The advance of Java5 and beyond saw a bunch of additions to the language that created much controversy. A lot of people still call autoboxing, annotations, variable argument lists etc. “syntactical sugar” and too some extent, I think they do have a point. But I don’t want to write about the feature of the language (or the runtime) that exists and that I would rather do away with. I instead want to point out a feature that I sorely miss in not only Java but most other programming languages I came across. I call it “A warning propagation method for the the Java Programming language”.

Why we need warnings

Warnings are required because of the very simple fact that in todays complicated computing systems things can slighty go wrong. A language like Java provides Exceptions of course, so your first guess might be, that a warning is not really a striking new feature as you have a facility to deal with problems. You might think, that warnings would be, well, really syntactical sugar. So let’s have a look at a – somewhat artificial – example. Consider a system that collects account data for a person from various financial institutions. A typical interface would look like this.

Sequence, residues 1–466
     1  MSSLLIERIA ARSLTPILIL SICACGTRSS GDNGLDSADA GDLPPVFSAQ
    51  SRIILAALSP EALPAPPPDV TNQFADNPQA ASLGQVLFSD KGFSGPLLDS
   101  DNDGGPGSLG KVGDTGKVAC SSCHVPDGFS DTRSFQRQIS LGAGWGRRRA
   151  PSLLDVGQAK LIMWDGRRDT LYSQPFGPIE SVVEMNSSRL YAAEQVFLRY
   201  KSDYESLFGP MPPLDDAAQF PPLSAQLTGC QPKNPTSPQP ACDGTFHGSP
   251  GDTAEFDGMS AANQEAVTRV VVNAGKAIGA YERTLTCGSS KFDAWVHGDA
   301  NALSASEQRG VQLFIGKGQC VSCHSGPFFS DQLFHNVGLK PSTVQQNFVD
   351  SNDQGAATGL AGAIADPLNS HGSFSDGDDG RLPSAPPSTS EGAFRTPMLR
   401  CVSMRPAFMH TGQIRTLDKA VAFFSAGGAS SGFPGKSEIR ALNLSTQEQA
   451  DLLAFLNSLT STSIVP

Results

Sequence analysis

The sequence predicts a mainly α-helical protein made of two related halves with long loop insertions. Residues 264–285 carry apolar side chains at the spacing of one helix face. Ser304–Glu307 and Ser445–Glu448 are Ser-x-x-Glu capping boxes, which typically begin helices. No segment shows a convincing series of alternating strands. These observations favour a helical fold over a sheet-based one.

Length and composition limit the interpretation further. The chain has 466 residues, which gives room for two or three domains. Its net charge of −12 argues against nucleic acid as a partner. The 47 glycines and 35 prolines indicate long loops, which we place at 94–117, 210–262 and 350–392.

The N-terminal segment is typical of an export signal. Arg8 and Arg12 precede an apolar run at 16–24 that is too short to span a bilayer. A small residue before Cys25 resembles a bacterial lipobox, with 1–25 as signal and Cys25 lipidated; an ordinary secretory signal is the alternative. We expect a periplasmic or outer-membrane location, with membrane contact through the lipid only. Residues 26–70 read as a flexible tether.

public interface AccountService {

public List getAccounts(Person person) throws AccountHandlingException;


The implementation of the getAccounts method would look something like this

public List getAccounts(Person person) throws AccountHandlingException {

Iterator banks;

while (bank.hasNext) {

Bank nextBank = banks.next();

try {


} catch (BankAccessException exc) {

// Now what do I do with you